An Inconvenient Passcode: two flaws in locking your iPhone

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The iPhone includes a passcode feature to protect personal information that’s stored on the phone. However, the 2.0.2 firmware update contains inherent flaws which render the passcode feature completely useless.  Below are two issues you may want to consider if you’re thinking of arming your iPhone with a passcode.

Exploitation of passcode protected information

This breach was discovered by a member of Mac Rumors, via Gizmodo.

It is very simple to break through a passcode protected iPhone and gather private data.  Just tap on Emergency Call, then Home twice.

This procedure will lead into your Favorites.  From there, anyone has free reign to make a call, send text messages, access all email…everything.  While in Favorites, tapping on the blue arrow next to the contact will reveal all private information.

You can prevent your iPhone from a potential threat by going into Settings and clicking General. Tap the Home Button, then select either Home or iPod.  If you choose Home, double clicking on the Home Button will send you back to the unlock screen.  If you choose iPod, double clicking on the Home Button will send you to the iPod screen.

Intermittent screen issues as a result of using passcode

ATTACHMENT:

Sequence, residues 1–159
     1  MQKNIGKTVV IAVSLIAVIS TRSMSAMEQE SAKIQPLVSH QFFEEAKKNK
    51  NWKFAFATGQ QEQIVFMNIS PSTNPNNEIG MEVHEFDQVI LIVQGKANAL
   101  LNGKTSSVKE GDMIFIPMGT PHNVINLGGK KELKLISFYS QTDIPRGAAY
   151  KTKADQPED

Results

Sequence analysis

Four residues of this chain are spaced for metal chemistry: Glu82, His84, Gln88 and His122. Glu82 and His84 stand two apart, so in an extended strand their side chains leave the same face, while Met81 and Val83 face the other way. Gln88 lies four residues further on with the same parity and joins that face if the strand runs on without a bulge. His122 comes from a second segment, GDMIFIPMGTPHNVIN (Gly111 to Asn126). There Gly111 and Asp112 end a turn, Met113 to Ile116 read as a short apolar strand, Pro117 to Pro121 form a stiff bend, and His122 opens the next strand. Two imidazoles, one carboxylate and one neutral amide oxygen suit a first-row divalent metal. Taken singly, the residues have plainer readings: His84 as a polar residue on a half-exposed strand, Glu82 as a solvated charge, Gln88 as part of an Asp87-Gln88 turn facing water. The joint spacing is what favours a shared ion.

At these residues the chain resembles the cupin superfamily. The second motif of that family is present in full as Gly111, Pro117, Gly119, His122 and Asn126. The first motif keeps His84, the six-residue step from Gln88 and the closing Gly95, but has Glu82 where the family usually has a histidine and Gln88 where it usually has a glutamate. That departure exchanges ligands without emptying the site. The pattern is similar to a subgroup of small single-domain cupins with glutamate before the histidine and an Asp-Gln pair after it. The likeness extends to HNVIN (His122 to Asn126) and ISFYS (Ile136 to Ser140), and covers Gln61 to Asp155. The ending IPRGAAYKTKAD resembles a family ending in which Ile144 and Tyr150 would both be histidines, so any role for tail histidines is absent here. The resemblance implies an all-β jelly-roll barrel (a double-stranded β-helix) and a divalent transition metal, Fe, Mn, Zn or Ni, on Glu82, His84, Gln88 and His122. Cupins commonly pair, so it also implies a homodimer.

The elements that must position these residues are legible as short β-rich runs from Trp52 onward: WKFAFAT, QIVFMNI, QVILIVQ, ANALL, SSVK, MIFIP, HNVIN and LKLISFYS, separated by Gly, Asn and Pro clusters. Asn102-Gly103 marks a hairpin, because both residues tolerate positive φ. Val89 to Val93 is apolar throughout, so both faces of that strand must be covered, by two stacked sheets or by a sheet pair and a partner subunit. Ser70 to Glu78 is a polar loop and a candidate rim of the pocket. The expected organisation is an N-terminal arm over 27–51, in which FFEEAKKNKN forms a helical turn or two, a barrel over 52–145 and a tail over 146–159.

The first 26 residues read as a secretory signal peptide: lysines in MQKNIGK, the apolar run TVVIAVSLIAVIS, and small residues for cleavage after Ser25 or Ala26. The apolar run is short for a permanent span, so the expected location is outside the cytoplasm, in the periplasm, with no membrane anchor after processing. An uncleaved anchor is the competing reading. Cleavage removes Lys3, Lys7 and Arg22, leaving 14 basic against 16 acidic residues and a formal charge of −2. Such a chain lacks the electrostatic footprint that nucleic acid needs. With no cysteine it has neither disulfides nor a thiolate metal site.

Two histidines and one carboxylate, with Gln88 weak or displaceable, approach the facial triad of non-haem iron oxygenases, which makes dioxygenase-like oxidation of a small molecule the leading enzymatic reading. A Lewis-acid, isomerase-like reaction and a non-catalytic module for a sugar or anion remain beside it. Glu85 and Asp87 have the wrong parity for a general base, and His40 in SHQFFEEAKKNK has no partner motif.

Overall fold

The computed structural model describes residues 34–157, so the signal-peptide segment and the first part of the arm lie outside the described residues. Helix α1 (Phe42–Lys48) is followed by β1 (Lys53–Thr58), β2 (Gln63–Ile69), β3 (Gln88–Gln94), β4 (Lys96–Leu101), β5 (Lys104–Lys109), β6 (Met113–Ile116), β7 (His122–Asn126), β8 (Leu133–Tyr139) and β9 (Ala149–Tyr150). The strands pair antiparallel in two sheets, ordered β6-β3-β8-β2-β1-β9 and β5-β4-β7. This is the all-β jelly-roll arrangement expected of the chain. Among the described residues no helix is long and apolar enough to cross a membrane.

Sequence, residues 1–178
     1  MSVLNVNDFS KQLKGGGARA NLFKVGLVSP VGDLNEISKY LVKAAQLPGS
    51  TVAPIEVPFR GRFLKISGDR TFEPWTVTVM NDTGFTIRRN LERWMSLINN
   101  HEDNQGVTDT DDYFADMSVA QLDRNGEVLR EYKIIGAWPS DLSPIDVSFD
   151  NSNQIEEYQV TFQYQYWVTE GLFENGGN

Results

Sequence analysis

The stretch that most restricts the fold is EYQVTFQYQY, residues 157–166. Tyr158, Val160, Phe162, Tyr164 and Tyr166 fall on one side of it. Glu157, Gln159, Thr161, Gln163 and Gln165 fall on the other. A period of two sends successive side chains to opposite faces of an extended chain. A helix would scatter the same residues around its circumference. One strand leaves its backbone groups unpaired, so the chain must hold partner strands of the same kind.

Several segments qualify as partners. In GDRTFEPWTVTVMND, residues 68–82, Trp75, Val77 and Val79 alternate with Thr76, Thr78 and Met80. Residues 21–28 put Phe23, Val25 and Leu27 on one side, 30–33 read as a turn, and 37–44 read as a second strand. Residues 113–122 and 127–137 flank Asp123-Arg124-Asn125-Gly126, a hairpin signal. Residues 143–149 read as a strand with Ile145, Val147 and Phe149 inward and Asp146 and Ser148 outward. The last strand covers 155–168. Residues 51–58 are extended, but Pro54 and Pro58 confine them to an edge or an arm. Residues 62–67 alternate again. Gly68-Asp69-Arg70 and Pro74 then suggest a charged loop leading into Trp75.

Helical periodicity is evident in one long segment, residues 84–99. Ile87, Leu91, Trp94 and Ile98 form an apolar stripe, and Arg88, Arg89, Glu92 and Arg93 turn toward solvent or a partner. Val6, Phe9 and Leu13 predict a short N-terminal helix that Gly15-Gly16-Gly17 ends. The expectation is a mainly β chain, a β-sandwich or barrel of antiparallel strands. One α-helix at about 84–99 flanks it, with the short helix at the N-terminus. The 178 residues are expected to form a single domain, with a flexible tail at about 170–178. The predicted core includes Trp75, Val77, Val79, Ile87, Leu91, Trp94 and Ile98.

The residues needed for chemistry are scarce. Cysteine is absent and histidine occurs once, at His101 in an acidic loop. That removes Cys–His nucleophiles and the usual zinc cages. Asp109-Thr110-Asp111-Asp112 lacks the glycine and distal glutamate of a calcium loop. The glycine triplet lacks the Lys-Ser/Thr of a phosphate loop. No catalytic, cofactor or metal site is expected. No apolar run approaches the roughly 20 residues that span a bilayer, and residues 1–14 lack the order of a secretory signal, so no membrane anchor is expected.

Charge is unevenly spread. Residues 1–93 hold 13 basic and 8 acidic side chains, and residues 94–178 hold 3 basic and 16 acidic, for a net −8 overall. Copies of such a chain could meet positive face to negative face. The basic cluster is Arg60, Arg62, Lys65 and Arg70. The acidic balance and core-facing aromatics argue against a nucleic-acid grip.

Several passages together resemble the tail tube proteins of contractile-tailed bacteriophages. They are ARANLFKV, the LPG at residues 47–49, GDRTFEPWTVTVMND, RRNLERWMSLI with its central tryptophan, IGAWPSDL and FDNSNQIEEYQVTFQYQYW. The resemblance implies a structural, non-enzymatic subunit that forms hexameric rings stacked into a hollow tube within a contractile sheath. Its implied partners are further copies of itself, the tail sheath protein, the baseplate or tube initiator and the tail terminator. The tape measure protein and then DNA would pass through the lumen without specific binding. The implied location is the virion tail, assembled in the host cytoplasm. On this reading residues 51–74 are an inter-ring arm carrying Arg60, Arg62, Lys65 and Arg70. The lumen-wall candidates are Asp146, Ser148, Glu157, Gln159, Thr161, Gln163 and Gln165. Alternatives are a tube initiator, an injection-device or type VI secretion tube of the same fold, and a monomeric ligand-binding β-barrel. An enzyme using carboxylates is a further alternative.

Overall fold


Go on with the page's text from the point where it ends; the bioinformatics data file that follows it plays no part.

If you utilize a passcode on your iPhone, your screen may go blank or the Answer Call/Decline Call screen will remain long after you’ve accepted a call.  These screen issues are intermittent.

They way to deal with this bug is simple: go into Settings and turn the passcode off.

Passcodes are created for one reason: to protect information not meant for public consumption.  Skeptics may be questioning the severity of this issue.  Put it in perspective: someone can take your iPhone, unlock it in two simple steps, and do whatever they please. Private and confidential information can be extracted from your iPhone and used for illicit purposes. And lest you forget that it can also end up costing you financially; data charges can be run up and allotted minutes can be eaten away.

An added inconvenience is the screen bug as a result of unlocking a passcode protected iPhone.  There is no reason for the passcode to affect something such as screen refresh.  If anything, it’s just an unwanted hassle.

Want to make sure your iPhone is working soundly and is free of all security threats?  Don’t enable the passcode.  Oh, the irony!

Apple plans to resolve the passcode problems. When?  Soon would be ideal.

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